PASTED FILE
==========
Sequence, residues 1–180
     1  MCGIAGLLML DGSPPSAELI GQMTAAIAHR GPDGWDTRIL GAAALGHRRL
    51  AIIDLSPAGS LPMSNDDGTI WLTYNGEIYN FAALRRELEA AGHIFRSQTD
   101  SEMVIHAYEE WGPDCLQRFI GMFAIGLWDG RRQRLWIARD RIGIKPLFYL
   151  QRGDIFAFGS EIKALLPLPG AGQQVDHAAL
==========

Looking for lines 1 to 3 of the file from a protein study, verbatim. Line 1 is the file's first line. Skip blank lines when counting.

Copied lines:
Sequence, residues 1–180
     1  MCGIAGLLML DGSPPSAELI GQMTAAIAHR GPDGWDTRIL GAAALGHRRL
    51  AIIDLSPAGS LPMSNDDGTI WLTYNGEIYN FAALRRELEA AGHIFRSQTD